In general, the command of the Wehrmacht did not expect a large counter-offensive of the Red Army near Stalingrad. The German Foreign Intelligence Division of the Eastern Intelligence 6 in November gave the following prediction: “The main direction of future Russian operations against the German Eastern Front is becoming more and more apparent in the band of Army Group Center. However, it is not yet clear whether the Russians intend, along with this, to conduct a major operation on the Don or whether they will limit their goals in the south for the reasons that they will not be able to succeed simultaneously in two directions due to lack of strength. ” The Germans had certain guesses about the upcoming Russian offensive in the south. But the main thing they did not know: the scale and time of the strike, the composition of the shock groups and the direction of their strikes.
Hitler also insisted on completing the operation in Stalingrad itself, although it had already announced “victory” in advance. 8 November 1942 of the year at the party congress Hitler announced: “I wanted to reach the Volga at one particular point ... By chance this city bears the name of Stalin himself. But I didn’t want to go there for that reason ... I went there because this is a very important point. Through it transported thirty million tons of cargo, of which nearly nine million tons of oil. There was flooded wheat from Ukraine and Kuban for shipment to the north. Manganese ore was delivered there ... I wanted to take it, and - you know, we don’t need much - we took it! Only a few points remained unoccupied. Some people ask: why don't you take them quickly? Because I do not want a second Verdun there. I will achieve this with small shock groups. ”
On November 17, two days before the start of the Soviet counter-offensive, Hitler ordered the 6 Army to break through to the Volga in the factory part of Stalingrad. Paulus told his troops: "I am convinced that this order will cause new inspiration in our brave troops." It is clear that this order in the bloodless, exhausted by the hardest fights in the "Red Verdun" German forces could not cause any inspiration. The shadow of inevitable death has already hung over them.
German soldiers surrounded by Stalingrad
Army Group "B"
A group of armies "B" operating on the 1300-kilometer front on the Voronezh and Stalingrad directions under the command of M. Weichs had 6, 2 field armies and 4 tank armies, 8 Italian, 2 Hungarian, The 3 th and 4 th Romanian armies (by November 1 there were 82 divisions and four brigades). The main strike force of the fascist German forces - the 6-I and 4-I tank armies - was drawn into protracted battles in the Stalingrad area. From the air, the German troops supported the 4 air fleet.
The left flank, located at Army Group Center, was the 2-I German army under the command of Hans von Zalmuth, operating in the area north-west of Voronezh. Here in the 210 km wide strip there were 14 divisions. More to the right, mainly at the turn of the river. Don, defended 2-I Hungarian army under the command of G. Yani. With the width of the occupied band of 190 km, it included 12 divisions, including two German ones. Then followed the 8-I Italian Army, General Italo Gariboldi, with the 180 km width, she had 10 Italian and two German divisions. To her right was the 3-I Romanian Army Petre Dumitrescu, who acted in the 170-km-wide strip and had 10 divisions. Next were the German unions: 6-I army of Friedrich Paulus as part of the 16 divisions with the width of the sector 140 km; then the 4 Tank Army of G. Gotha, whose three German divisions acted on the sector in 50 km. Seven part of this army Romanian divisions with a width of approximately 200 km were located along the bend of the Volga, south of Stalingrad, stretching to the south of the hilly elevation, Yergeni. Around November 20, it was intended that these Romanian troops, who were subordinate to the command of the 4 tank army, should be allotted K. Constantinescu to an independent 4 Romanian army. Almost had no interaction with this army 16-i motorized division, which was, however, included in the 4-th tank army. It provided the flank of Army Group “B” and controlled a sector approximately 300 km wide, up to the Terek, where the 1 Tank Army operated.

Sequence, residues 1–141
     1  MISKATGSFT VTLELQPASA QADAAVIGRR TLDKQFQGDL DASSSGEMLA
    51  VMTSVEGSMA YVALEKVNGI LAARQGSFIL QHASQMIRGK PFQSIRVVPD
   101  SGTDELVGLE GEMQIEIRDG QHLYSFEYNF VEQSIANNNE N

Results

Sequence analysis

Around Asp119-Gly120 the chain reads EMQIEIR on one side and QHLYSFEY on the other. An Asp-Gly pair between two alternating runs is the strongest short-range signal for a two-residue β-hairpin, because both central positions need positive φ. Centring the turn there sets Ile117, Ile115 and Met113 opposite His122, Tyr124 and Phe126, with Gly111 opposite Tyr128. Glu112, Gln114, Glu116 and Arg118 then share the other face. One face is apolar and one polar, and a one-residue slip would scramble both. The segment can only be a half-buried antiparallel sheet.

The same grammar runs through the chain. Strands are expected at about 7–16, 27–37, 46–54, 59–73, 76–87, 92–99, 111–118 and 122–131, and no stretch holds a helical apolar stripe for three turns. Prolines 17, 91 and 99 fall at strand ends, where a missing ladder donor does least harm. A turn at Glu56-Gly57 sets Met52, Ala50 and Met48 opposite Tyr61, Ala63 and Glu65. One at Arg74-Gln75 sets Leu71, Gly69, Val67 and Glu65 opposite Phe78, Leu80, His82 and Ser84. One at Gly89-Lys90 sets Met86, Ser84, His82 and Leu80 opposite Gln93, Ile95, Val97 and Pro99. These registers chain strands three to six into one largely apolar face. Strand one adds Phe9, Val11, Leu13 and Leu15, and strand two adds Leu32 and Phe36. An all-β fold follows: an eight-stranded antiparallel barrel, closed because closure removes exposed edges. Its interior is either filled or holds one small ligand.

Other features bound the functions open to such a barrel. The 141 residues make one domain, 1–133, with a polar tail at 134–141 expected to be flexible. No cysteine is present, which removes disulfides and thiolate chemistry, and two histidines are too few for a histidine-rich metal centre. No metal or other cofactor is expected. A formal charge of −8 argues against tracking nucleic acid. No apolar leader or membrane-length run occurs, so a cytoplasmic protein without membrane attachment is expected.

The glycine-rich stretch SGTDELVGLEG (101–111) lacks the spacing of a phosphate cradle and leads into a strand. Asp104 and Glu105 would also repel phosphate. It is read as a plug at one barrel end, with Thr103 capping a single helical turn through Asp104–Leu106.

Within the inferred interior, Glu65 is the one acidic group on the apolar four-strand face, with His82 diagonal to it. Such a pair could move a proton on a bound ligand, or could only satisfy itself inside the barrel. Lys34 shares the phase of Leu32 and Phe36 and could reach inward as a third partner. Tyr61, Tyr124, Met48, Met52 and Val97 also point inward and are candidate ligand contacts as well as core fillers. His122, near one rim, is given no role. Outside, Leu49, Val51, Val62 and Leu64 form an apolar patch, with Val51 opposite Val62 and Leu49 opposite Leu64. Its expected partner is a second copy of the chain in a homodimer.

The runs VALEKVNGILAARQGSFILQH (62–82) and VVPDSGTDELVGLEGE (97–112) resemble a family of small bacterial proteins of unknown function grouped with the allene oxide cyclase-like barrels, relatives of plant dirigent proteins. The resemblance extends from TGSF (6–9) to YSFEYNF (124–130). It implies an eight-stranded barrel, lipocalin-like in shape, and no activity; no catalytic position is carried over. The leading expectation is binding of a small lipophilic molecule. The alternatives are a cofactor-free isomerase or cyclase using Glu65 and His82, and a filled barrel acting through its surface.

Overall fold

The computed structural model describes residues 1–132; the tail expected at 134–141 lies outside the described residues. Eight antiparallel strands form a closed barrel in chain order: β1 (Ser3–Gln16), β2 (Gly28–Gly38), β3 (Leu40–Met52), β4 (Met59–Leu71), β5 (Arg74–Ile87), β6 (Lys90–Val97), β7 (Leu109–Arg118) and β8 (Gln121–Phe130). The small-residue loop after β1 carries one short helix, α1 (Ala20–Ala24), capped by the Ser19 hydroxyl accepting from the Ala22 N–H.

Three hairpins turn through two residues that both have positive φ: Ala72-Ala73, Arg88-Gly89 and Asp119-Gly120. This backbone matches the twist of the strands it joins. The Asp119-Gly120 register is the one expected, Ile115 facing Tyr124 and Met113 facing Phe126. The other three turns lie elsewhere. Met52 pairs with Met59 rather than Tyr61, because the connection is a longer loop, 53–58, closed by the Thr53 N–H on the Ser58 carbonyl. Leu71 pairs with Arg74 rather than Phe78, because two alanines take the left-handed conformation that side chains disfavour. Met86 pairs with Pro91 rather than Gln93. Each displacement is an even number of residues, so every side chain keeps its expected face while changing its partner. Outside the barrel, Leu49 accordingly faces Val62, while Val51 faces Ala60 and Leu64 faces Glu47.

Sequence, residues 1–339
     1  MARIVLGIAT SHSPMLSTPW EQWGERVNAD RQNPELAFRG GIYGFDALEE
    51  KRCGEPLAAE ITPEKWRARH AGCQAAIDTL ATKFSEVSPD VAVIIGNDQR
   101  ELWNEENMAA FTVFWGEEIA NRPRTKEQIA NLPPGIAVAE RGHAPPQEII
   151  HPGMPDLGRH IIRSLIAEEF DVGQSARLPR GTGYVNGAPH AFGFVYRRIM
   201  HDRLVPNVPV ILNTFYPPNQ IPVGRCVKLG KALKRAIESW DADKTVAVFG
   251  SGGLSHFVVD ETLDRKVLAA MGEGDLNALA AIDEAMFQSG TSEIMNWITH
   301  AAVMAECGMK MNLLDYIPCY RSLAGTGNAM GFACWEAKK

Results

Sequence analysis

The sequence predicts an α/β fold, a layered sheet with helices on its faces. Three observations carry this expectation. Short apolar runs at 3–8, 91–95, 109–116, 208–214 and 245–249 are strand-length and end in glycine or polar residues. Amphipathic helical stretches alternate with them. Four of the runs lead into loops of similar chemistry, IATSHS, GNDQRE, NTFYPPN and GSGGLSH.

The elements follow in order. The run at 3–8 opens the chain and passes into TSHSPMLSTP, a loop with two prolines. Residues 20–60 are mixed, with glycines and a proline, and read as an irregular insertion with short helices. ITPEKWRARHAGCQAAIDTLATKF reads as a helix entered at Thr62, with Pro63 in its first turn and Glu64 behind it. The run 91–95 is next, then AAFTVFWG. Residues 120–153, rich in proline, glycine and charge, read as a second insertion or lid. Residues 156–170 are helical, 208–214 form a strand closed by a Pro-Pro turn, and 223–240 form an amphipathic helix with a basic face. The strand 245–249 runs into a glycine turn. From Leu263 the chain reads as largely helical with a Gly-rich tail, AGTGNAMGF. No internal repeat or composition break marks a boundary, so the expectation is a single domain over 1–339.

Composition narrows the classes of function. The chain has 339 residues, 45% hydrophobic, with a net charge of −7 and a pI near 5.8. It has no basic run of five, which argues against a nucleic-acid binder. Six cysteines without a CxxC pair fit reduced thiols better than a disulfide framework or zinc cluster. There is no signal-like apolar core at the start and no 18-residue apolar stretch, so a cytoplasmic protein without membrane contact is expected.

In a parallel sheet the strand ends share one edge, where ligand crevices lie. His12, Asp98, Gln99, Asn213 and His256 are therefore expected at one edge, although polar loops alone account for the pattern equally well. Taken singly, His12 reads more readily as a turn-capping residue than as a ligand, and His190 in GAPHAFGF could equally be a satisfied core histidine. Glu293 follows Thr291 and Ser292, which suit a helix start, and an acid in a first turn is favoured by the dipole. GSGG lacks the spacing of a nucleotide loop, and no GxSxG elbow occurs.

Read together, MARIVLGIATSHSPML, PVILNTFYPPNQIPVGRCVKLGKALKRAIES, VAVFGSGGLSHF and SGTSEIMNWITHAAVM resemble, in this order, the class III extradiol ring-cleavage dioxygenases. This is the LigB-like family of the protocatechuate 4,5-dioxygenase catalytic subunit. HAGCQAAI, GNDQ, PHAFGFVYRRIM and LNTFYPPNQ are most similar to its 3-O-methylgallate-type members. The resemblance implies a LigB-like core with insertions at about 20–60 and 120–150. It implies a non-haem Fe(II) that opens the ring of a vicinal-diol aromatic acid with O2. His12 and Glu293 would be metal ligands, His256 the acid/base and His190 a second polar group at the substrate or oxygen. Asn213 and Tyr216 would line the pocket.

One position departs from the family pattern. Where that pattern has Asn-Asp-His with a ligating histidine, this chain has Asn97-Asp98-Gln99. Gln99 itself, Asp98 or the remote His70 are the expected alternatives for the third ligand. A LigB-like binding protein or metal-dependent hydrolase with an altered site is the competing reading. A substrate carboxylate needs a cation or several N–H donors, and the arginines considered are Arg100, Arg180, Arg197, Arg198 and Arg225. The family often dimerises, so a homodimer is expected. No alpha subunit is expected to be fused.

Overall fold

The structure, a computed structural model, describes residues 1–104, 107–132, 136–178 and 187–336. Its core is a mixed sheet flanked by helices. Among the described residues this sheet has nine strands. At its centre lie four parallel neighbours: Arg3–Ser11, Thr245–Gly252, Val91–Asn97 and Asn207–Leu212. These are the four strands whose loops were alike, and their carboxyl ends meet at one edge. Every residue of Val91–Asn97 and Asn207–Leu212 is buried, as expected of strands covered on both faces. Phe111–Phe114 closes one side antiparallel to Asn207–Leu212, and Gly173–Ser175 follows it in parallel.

The troops of the German 6th Army were drawn into the struggle for Stalingrad by their main forces, and the 4th Panzer Army, adjoining them from the south, also dealt a blow to Stalingrad. In the offensive battles of October - November 1942, the formations and units of these armies were thoroughly exhausted and bloodless. The sedentary and poorly equipped Romanian divisions were tasked with providing the flanks of the main strike group. The front line of Army Group B was greatly extended, which created a problem in command and control. In addition, there were problems of a coalition nature. In particular, Romanians and Hungarians were hostile to each other (territorial, historical dispute between the two countries). What became the basis for the deployment of the 8th Italian army between the 2nd Hungarian and 3rd Romanian armies. Among the weaknesses, it can also be noted that the armies of the German allies, which were inferior to German troops in armaments and equipment, command personnel and combat readiness, were assigned wide bands, while German troops in the region of Stalingrad concentrated on a relatively narrow section. German divisions, a small number of which were part of the Allied armies, could not significantly affect their combat effectiveness, in addition, they partially transferred their artillery units and combat engineer battalions to Stalingrad, where the most difficult battle took place.
Another serious problem was the lack of maneuverable reserves. In the operational reserve of Army Group “B” there were only the 294-I infantry division, the 22-I German tank division and the 1-I Romanian tank division. In Germany itself, new connections were being formed, and mobile connections were in France. However, the enormous length of the already occupied territory of Russia and the front of Army Group “B” did not allow, in case of a sudden crisis, to timely tighten the necessary forces. The transfer of only one tank division required 80-90 railway trains. The railway lines connecting Germany with the Eastern Front were overloaded, most of the railway lines were single-track and not everywhere were converted to a narrow gauge, there were not enough wagons and other equipment. Therefore, it took about three weeks from the time of the loading order to the arrival of a single division from Western Europe to the place of hostilities in Russia.
The Red Army go on the attack on the enemy at Stalingrad
To be continued ...